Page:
Fiscal balancing act
IN THE management of the government coffers, it is important that the left hand knows what the right hand is doing, and that each acts in coordination with the other.
We are, of course, talking about the state’s fiscal management scheme where, for the benefit of the country and its citizens, it is important that the government not only collects the revenues it needs, but also spends these in a timely and judicious manner. In that way, taxes will benefit the very same people from whom these were levied, in areas where these are most needed and, just as importantly, when these are needed.
In the Philippine setting, this balancing act is performed on one hand by the Department of Finance, which is in charge of raising money for the state through the Bureau of Internal Revenue and the Bureau of Customs. On the other hand is the Department of Budget and Management, which is responsible for disbursing funds to government instrumentalities for the benefit of the man and woman on the street. The left hand takes, the right hand gives out.
It is with regard to this coordination between either side of the fiscal system that the outgoing administration came up short.
President Aquino’s Department of Finance, led by Cesar Purisima, has undoubtedly done an excellent job in improving the government’s finances. And while BIR Commissioner Kim Henares has run controversial tax campaigns (which, however, failed to land a single tax evader in jail), it is difficult to argue with empirical evidence—revenue collections that have risen steadily over the last six years. Indeed, the Philippine government had the money, and had it in abundance, hence the attainment of the coveted and vaunted investment-grade rating from international debt watchers.
The problem was that the right hand of the fiscal equation—the DBM—would not, could not, and did not push the money out the other end fast enough. With bureaucratic red tape stalling meaningful private-sector participation in the public-private partnership program, the government failed to take up the spending slack. The result is what we have today: crumbling infrastructure, and public dissatisfaction that helped fuel the election of Rodrigo Duterte to the presidency.
A variation of this dysfunction between the economic policies of collecting money and spending it faces the incoming administration as well.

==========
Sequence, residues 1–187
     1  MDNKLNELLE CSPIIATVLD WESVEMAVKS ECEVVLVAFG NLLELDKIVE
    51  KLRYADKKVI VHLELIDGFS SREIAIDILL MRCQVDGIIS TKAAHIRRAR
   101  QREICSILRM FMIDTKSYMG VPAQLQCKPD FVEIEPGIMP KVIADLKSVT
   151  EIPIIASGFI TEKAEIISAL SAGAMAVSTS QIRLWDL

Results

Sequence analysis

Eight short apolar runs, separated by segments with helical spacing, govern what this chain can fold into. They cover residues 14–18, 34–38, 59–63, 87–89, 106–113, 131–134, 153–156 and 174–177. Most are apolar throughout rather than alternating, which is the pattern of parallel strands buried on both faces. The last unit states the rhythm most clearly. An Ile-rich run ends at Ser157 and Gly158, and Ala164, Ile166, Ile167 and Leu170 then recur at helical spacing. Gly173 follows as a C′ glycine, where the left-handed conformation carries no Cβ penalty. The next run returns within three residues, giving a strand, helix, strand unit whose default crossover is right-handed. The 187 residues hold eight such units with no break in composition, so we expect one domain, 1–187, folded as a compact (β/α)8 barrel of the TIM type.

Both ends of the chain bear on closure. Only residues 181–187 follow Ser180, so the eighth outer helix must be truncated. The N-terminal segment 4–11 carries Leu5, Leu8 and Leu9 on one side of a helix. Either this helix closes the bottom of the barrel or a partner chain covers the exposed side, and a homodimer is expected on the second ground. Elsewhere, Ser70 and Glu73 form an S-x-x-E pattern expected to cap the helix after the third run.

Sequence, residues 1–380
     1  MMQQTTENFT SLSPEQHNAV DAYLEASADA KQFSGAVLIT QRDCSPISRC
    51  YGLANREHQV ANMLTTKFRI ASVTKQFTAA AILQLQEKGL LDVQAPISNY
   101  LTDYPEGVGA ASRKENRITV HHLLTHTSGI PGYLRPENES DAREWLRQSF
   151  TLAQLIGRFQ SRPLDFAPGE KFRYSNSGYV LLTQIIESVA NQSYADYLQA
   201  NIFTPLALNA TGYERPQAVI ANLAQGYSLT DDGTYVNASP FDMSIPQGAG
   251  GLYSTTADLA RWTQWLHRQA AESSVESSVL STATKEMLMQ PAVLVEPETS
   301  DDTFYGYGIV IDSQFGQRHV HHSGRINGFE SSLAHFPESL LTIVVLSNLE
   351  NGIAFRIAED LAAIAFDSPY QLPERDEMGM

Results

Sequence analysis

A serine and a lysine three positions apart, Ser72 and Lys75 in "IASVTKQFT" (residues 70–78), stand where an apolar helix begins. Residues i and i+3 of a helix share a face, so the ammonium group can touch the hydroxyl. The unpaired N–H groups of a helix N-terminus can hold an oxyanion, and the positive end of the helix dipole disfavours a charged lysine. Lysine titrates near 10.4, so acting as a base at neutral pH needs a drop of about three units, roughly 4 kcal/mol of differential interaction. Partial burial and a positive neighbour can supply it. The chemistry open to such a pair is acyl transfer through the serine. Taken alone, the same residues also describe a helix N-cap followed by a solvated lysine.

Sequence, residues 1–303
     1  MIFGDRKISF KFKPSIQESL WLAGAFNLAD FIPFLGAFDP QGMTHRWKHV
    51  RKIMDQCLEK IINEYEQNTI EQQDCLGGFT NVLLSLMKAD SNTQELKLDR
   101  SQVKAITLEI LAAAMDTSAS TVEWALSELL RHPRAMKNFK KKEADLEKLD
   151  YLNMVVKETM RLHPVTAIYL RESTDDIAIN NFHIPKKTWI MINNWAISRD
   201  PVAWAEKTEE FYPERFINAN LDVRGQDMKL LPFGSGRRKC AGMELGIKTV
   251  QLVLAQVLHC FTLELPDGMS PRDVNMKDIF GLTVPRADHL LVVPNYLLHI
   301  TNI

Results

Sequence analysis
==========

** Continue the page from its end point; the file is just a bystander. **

The good news is that the incoming finance secretary, Carlos Dominguez, will inherit a fiscal picture that is arguably the brightest in Philippine history. The bad news is that the appointees to head the BIR and the BOC are, from all indications, not Dominguez’s men. This stands in contrast with the situation of the outgoing finance secretary, Purisima, who has been able, for the most part, to keep a tight rein on the operations of both revenue agencies.
The other development worth watching closely is the appointment, once again, of economist Benjamin Diokno as budget secretary.
While the outgoing DBM chief, Florencio Abad, has had great difficulty pushing government money out to where it was needed, Diokno has vowed that no such thing will happen during his watch. He has the track record to back that vow. As President Joseph Estrada’s budget chief,
Diokno made sure to pump funds for the actor-turned-politician’s populist policies into government agencies—so much so that his strategy of “deficit spending” (that is, spending much more than what the country can afford, in the hope of boosting growth) alarmed the Philippines’ creditors, like the International Monetary Fund, the World Bank and other foreign lenders.
Thus, it is critical for Dominguez to take firm control of the BIR and BOC and remind their respective heads that their first responsibility is to the government, and not to the political patron(s) who suggested their names to Duterte.
It is equally critical for Diokno to curb his enthusiasm for correcting the shortcomings of the outgoing administration by spending much more than what revenue collection officials can put into the government coffers.
Perhaps, most importantly, it will be crucial for the incoming President, despite his seeming disinterest in esoteric economic policies, to make sure that each side of his administration’s fiscal house works in lockstep with the other.
At stake is not just the support of 16 million citizens who voted for him, but nothing less than the economic wellbeing of 100 million Filipinos.
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